13-inch rMBP (left) vs. 15-inch rMBP (right)

Switching between scaled resolution modes is very quick, although application and Finder windows don't retain their proportional sizes when moving between resolutions. For example, a full height window at the 1280 x 800 (Best for Retina) setting turns into a window that only takes up ~85% of the vertical height of the screen at 1440 x 900 (or ~60% at 1680 x 1050). I can understand why Apple does this, but it'd be nice to have the option to keep everything proportionally sized when moving between resolutions. Even better, I'd love to see some intelligence where only those windows that make sense to resize proportionally are touched between resolution changes.

Non-permanent image retention has been a part of both rMBPs launched thus far. Keep any static image on the screen for a long enough time and you'll see a ghost of that image even after the screen has changed. Apple attributes the image retention issues to its use of IPS based LCDs in the rMBP, however the severity of image retention can vary depending on a lot of factors. I've personally seen image retention happen on both 13-inch and 15-inch Retina MacBook Pros. In my use, image retention was never a significant issue with either the 13 or 15-inch rMBP although I suspect how bothersome it is depends a lot on the user and usage model. There have been numerous reports of LG based Retina Displays behaving worse in the image retention department than Samsung sourced parts, however I don't have access to a large enough sample size of rMBPs to really validate those claims.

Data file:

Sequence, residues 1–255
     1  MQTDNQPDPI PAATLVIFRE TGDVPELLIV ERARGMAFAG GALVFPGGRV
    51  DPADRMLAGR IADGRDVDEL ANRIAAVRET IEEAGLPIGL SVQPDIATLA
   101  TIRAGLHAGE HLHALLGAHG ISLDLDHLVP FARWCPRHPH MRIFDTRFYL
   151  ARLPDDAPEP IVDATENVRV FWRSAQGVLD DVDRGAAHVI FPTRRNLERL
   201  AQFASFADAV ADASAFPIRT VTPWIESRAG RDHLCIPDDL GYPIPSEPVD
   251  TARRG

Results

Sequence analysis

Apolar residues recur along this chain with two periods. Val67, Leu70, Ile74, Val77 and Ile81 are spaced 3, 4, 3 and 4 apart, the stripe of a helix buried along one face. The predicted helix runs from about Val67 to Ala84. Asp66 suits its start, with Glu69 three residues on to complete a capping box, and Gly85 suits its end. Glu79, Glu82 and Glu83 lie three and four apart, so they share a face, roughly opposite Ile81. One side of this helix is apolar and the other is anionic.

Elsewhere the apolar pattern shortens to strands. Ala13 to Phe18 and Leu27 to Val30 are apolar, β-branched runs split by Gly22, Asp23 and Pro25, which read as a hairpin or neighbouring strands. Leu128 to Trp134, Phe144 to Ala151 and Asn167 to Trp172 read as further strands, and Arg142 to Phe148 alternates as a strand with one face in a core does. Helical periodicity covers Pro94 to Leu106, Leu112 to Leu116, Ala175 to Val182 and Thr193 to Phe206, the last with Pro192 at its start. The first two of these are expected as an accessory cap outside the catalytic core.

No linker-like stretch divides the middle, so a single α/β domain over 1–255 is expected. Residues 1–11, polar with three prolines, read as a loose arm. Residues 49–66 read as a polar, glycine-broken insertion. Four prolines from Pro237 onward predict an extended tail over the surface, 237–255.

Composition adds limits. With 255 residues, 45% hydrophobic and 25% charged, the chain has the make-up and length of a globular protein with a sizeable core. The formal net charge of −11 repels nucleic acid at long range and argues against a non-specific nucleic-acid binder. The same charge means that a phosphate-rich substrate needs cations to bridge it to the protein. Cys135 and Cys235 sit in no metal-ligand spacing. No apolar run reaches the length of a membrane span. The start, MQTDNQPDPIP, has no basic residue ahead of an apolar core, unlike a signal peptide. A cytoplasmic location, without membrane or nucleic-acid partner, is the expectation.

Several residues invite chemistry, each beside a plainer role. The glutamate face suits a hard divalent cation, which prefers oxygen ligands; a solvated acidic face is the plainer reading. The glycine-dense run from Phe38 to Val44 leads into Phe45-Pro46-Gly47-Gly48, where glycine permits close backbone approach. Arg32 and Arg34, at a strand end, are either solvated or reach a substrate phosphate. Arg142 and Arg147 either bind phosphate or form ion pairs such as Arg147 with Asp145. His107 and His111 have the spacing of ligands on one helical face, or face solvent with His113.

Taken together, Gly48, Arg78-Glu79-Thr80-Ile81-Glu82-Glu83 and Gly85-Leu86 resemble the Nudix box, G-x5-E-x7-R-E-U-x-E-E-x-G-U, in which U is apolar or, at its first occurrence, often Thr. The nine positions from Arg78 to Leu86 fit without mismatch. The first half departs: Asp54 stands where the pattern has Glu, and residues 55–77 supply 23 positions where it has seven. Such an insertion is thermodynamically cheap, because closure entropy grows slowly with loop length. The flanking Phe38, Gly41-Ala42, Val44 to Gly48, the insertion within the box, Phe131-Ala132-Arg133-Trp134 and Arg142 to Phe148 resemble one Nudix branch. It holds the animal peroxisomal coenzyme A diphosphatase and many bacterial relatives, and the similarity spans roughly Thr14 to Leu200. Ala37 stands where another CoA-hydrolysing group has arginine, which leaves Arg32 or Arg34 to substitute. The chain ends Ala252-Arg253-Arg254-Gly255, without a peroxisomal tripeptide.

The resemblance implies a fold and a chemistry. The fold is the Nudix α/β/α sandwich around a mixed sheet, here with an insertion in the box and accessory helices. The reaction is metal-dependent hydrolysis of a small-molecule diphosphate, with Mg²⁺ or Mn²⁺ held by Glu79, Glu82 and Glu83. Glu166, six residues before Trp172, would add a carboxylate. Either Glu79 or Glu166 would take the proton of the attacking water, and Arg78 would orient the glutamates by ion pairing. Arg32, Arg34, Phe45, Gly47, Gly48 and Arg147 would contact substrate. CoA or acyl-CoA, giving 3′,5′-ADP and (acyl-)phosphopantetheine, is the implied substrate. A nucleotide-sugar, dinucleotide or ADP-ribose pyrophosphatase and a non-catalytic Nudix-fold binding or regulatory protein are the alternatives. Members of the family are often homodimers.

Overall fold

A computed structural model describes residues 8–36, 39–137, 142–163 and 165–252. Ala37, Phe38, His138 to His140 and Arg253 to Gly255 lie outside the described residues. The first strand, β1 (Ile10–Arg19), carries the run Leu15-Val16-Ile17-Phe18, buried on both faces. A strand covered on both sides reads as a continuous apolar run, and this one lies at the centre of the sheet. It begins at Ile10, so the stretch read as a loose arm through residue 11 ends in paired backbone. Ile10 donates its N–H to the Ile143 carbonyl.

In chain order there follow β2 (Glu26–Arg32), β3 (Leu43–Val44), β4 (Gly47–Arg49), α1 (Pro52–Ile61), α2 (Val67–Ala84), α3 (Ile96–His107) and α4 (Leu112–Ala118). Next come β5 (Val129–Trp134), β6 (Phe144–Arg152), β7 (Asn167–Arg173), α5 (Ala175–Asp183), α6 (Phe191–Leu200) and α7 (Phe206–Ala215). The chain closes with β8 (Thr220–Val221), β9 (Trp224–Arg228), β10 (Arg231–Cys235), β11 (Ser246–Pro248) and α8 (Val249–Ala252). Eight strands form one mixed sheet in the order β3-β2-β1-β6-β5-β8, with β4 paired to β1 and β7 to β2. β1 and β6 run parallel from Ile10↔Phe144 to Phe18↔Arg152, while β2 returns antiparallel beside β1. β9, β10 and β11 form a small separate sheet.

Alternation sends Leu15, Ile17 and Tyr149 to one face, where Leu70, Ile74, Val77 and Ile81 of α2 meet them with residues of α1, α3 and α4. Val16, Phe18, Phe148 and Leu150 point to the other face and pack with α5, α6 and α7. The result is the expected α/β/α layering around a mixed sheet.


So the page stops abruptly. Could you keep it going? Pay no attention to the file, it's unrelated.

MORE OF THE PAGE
Silicon: Dual-Core Only The 13-inch Retina Display in Numbers
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  • repoman27 - Tuesday, November 13, 2012 - link

    And just to further clarify, Thunderbolt does not really mux DP and PCIe signals, it takes the packets from both protocols and transports them via a common switching fabric, so that wording is slightly misleading. Reply
  • tipoo - Tuesday, November 13, 2012 - link

    In my time with these, I find there is just a bit of UI lag to most things compared to an Air or the regular Macbook Pros, most of the time it's hard to even notice unless they are side by side. The calender flip animation and sometimes the green button re-size are particularly painful, you can literally count out the frames on the former. On the 15" you can force it to use the dGPU on AC power which fixes that, but there is no fallback for the 13". Reply
  • tipoo - Tuesday, November 13, 2012 - link